Biden’s Treasury Moves to put Harriet Tubman on the $20 Bill After Efforts Were Paused by the Trump Administration

Efforts to put Harriet Tubman on the $20 bill have been revived by President Biden’s Treasury Department after the initial Obama-era push was halted by the Trump administration.

The decision to replace the current portrait of Andrew Jackson with that of Tubman was set in motion in 2016 by Jacob Lew, the Treasury secretary at that time. When he took office that same year, President Donald Trump, who is a self-proclaimed “fan” of Jackson, opposed the idea. Trump's own Treasury secretary, Steven Mnuchin put a stop to the project, citing more urgent tasks, such as adding new security features to currency. He also said that new imagery would not be in circulation until 2028, so a future Treasury secretary could make the call, according to the New York Times. 

“The Treasury Department is taking steps to resume efforts to put Harriet Tubman on the front of the new $20 notes,” said Jen Psaki, the White House press secretary, at a Jan. 25 news conference. “It’s important that our notes, our money reflects the history and diversity of our country.”

Harriet Tubman, born an enslaved womxn named Araminta Ross, lived from 1820 to 1913. She took the name Harriet, Tubman was her married name, when she escaped a plantation in Maryland with two of her brothers. Though they returned a couple weeks later, she escaped on her own and made her way to Pennsylvania. 

Tubman is most remembered for helping other escaped slaves gain their freedom through leading them through the Underground Railroad, which was a network of people who offered shelter and aid to escaped slaves on routes to the North. She even returned to the very same plantation she escaped multiple times to rescue family and others. 

What many do not know about her is that she is also considered the first Black womxn to serve in the military. During the Civil War, Tubman served as a scout, spy, guerilla soldier and nurse for the Union Army. She participated in antislavery efforts beyond the Underground railroad too, such as taking part in John Brown’s failed raid on the Harpers Ferry, Virginia arsenal in 1859. Tubman also joined notable figures such as Elizabeth Cady Stanton and Susan B. Anthony in their campaign for womxn’s suffrage. It should be noted that Tubman supported an intersectional suffrage movement, fighting for both the suffrage and civil rights, while Stanton and Anthony focused on gaining the right to vote for women like themselves, white and middle-class.

Andrew Jackson, the man she would replace, was the seventh president of the United States and has a legacy of racism and genocide staining his reputation. Jackson owned 95 enslaved people in the months before he became president and even brought 14 to the White House, according to The White House Historical Association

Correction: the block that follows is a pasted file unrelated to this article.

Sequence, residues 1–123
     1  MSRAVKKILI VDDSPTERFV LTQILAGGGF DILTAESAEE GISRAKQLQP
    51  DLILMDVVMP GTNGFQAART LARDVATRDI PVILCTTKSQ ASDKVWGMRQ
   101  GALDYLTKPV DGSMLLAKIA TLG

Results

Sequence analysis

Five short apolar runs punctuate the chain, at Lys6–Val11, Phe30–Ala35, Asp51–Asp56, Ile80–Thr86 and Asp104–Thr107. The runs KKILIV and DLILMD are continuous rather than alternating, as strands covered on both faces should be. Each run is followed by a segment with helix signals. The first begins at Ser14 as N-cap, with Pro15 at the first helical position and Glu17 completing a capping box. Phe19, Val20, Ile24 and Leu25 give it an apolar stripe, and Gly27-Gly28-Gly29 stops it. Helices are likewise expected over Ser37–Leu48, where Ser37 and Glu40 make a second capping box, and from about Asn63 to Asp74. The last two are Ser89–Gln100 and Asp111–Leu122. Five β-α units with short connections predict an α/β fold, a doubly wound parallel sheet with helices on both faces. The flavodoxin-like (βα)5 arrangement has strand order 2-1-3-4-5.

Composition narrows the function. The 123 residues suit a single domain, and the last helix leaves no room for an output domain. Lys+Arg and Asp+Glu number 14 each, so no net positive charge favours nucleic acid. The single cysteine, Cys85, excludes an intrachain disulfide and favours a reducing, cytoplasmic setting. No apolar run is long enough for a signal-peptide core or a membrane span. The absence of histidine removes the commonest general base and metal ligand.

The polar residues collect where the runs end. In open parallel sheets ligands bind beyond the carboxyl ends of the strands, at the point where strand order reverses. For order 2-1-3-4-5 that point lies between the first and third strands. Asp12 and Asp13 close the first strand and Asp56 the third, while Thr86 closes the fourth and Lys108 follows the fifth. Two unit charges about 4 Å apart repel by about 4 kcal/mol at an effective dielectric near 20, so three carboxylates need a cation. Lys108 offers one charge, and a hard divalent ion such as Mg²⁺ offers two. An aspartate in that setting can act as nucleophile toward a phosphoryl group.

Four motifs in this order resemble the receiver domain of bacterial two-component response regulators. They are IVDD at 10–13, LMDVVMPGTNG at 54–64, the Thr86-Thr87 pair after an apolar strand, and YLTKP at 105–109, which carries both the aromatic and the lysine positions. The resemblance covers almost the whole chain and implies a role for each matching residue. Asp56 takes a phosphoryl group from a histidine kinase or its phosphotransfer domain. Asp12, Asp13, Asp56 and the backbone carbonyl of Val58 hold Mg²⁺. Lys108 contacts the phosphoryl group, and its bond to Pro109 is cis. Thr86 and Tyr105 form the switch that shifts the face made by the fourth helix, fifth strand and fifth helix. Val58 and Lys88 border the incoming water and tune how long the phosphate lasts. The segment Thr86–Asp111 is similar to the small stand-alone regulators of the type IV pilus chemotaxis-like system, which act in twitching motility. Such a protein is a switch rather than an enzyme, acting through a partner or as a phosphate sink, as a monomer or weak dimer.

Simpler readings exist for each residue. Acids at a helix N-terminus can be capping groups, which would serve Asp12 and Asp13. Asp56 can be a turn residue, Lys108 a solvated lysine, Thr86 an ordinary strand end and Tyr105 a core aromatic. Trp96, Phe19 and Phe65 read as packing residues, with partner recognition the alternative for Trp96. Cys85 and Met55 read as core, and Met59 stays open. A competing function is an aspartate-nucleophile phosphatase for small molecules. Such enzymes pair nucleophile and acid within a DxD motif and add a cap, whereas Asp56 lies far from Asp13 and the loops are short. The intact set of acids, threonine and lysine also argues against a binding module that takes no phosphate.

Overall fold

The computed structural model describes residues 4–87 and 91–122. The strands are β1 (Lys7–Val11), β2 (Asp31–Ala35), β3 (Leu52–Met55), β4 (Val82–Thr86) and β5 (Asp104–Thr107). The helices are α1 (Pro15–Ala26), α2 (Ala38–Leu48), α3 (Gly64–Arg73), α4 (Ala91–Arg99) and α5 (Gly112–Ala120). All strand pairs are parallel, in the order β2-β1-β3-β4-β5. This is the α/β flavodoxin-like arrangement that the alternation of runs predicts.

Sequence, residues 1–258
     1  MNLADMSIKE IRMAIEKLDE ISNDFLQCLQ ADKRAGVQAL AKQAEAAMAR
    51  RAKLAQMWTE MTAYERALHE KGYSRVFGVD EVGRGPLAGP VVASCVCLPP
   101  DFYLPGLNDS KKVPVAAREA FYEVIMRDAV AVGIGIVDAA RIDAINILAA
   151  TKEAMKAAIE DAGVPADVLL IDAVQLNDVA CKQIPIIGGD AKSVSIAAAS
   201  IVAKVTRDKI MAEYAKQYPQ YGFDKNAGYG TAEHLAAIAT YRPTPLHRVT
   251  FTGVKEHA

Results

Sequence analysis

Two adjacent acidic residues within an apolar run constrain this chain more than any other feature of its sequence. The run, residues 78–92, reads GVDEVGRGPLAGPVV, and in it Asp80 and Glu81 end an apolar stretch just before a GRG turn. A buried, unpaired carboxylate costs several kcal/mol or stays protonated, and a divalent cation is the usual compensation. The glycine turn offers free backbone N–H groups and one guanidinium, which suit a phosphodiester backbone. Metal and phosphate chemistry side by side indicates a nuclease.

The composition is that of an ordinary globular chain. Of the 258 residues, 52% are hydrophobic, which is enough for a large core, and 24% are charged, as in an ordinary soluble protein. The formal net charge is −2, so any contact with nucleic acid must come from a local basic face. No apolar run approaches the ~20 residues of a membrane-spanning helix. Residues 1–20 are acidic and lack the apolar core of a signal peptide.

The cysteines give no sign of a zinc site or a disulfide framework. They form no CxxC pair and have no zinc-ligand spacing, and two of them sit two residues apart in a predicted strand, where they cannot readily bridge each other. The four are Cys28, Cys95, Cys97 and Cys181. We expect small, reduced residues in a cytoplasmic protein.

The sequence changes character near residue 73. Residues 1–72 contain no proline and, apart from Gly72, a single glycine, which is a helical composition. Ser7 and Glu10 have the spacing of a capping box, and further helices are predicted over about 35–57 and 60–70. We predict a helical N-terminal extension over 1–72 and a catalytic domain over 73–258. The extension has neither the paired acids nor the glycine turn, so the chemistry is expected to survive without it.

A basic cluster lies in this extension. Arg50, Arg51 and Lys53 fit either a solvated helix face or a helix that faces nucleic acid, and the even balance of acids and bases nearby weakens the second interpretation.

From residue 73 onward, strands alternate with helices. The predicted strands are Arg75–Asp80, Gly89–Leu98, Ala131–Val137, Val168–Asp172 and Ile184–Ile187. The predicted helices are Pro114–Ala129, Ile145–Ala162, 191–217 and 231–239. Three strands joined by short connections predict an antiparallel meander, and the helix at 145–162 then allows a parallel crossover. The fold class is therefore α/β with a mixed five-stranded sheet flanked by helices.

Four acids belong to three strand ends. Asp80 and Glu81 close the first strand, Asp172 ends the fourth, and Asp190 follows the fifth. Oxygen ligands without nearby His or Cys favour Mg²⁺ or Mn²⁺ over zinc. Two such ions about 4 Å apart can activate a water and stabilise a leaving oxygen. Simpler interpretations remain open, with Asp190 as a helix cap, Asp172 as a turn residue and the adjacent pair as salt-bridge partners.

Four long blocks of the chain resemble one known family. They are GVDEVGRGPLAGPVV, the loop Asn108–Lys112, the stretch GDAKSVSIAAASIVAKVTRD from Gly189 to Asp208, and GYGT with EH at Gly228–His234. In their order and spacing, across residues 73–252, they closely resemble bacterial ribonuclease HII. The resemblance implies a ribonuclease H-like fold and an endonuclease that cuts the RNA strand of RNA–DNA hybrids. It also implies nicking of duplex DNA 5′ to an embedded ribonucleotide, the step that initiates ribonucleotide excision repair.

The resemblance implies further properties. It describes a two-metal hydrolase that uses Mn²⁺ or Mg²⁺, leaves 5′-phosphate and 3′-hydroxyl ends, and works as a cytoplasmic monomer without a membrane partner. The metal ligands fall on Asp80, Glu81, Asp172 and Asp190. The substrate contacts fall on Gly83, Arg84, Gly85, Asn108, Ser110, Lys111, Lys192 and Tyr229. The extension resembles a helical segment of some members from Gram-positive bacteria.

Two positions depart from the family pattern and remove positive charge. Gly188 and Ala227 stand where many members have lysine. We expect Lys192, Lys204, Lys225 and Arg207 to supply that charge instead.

Most people advocating for the change cite his role in the forced removal of tens of thousands of Native Americans from the lands east of the Mississippi as a reason why he should be replaced. Known as the Trail of Tears, Native Americans were forced to migrate over 5,043 miles to present-day Oklahoma, marching through hunger, disease and exhaustion, resulting in the deaths of over 5,000 Cherokee people. 

Preliminary designs, obtained by the New York Times, showed that the plan from before Trump took office was to have a bill with Tubman’s likeness on the front and a statue of Jackson on the back. 

close-up of US one dollar bill Pixaby/Pexels From a survey back when Lew first announced the decision to put Tubman on the $20 note, more than half of Americans supported replacing Jackson with Tubman, according to SurveyMonkey data

Some, however, are opposed to the idea not because they support Jackson, but because they see it as a form of disrespect. In a piece published on the TIME Magazine website, Brittney Cooper, a professor at Rutgers University and author of Eloquent Rage: A Black Feminist Discovers Her Superpower, wrote that “America certainly owes a debt to Black people, but this is not the way to repay it.”

In the article Cooper states that she believes representation matters, however forms of representation are not equal and to put a Black womxn's face on currency in the name of diversity goes against our nation's history of using Black bodies as capital and currency.

“Harriet Tubman’s life was about fighting against the system that treated Black lives and Black bodies as property, currency and capital,” wrote Cooper. “Would she consider it an honor to have her likeness plastered on American currency?”

If Tubman is linked to conversations on capital, Cooper said, the “conversation must be about a redistribution and funneling of resources and money into Black communities… Anything else is downright disrespectful.”

There have yet to be further developments from the Treasury department since Psaki’s announcement that the Biden administration will continue taking steps to put Tubman on the $20 bill.

Sources: 1, 2, 3, 4, 5, 6, 7, 8, 9, 10, 11, 12, 13

Photos: Her Campus Media